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New DNA test identifies 9/11 victim's remains nearly 16 years later

The remains of a man killed at the World Trade Centre on September 11 have been identified nearly 16 years after the terror attacks.

His name was withheld at his family's request, the New York City medical examiner's office said.

The announcement marked the first new identification made since March 2015 in the painstaking effort.

The office uses DNA testing and other means to match bone fragments to the 2,753 people killed by the hijackers who crashed planes into the trade centre's twin towers in 2001.

Remains of 1,641 victims have been identified so far, meaning 40% of those who died have no remains identified.

New, more sensitive DNA technology was used earlier this year and helped make the latest identification after earlier testing produced no results, the medical examiner's office said.

As DNA testing advanced, so has the multi-million-dollar effort to connect more than 21,900 pieces of remains to individuals.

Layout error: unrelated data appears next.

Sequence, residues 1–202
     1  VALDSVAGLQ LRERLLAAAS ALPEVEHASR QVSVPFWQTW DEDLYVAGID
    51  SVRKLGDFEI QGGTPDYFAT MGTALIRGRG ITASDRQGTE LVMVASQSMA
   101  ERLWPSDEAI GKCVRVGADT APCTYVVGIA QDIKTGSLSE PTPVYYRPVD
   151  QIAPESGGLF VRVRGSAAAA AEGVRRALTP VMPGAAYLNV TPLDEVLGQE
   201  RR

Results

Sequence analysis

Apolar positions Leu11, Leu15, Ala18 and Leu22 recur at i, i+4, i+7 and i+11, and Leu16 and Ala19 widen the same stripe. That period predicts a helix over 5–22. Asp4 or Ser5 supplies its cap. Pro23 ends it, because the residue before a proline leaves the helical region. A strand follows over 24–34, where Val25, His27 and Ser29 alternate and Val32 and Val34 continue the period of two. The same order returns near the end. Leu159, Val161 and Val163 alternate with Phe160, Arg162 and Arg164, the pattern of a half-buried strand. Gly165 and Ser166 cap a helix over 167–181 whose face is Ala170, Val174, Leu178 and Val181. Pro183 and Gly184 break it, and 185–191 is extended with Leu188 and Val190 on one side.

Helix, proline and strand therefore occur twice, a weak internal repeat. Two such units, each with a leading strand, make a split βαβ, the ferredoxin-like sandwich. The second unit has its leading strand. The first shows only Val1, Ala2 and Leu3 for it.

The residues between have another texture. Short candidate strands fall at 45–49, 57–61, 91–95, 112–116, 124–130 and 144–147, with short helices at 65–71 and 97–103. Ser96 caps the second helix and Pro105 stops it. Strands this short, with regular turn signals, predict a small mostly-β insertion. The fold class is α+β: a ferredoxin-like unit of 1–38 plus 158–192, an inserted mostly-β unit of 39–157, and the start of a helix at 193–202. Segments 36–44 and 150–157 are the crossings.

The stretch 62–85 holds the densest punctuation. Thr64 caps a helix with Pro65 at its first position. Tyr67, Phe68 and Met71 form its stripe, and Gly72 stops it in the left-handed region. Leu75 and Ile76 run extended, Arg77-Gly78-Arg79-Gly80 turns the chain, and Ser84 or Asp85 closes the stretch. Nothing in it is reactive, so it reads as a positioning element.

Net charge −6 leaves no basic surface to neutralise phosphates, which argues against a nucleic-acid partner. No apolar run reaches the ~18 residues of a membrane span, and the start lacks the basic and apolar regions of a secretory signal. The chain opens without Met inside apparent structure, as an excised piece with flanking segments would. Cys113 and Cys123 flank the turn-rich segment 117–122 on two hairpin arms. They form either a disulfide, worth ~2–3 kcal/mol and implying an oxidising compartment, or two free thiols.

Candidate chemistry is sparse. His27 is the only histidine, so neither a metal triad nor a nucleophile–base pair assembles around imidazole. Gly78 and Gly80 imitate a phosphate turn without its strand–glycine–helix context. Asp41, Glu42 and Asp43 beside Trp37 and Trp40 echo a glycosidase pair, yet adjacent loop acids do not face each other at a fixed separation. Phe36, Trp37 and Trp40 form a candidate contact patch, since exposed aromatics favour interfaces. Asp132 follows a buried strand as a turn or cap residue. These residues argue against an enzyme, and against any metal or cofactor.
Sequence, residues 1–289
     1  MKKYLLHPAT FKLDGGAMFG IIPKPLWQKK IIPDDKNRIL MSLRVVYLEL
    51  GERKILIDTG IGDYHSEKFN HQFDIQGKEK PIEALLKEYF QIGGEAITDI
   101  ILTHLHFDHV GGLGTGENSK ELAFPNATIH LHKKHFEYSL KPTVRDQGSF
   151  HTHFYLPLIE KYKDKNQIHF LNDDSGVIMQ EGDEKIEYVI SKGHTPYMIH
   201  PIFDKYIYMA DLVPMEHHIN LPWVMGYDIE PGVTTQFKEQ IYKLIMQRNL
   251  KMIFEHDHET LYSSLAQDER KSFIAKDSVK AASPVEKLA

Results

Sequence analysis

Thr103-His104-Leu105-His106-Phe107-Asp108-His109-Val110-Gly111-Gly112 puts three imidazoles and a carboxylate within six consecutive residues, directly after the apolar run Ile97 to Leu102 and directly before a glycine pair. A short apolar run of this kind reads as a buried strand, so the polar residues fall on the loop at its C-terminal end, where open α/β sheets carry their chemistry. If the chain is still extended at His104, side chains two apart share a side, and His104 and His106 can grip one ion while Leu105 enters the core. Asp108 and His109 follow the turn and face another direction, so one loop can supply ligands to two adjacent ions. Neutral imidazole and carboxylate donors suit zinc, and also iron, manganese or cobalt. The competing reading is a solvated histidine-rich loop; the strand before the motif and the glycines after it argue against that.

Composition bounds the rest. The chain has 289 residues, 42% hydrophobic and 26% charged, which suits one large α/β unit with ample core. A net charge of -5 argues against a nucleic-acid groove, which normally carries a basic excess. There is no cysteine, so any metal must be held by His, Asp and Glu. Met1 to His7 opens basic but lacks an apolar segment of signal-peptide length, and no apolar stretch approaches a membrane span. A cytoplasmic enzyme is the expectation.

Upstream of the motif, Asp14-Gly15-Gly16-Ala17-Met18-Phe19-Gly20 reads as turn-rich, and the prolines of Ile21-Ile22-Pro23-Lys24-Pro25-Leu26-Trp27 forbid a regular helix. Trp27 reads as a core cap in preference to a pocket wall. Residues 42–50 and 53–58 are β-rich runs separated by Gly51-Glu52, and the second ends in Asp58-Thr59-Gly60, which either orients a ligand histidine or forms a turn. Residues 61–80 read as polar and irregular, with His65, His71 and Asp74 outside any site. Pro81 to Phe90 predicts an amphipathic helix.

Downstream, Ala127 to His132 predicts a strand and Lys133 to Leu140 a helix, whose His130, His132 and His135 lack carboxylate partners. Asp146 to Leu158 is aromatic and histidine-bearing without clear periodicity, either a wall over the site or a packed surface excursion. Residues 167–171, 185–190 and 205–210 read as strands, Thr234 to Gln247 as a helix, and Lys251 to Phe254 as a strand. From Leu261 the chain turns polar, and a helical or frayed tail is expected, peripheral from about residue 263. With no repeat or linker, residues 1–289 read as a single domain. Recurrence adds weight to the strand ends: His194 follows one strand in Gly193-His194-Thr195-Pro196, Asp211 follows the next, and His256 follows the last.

Few full bodies were recovered after the giant towers burned and collapsed and the effects of heat, bacteria and chemicals such as jet fuel made it all the more difficult to analyse the remains.

Over time, the medical examiner's office came to use a process that involves pulverising the fragments to extract DNA, then comparing it with the office's collection of genetic material from victims or their relatives.

Most of the DNA profiles generated belong to previously identified victims.

In some cases, scientists have gone back to the same bone fragment 10 or more times, hoping new technology will provide answers.

The 9/11 attacks killed a total of nearly 3,000 people, in New York, at the Pentagon and near Shanksville, Pennsylvania.

AP

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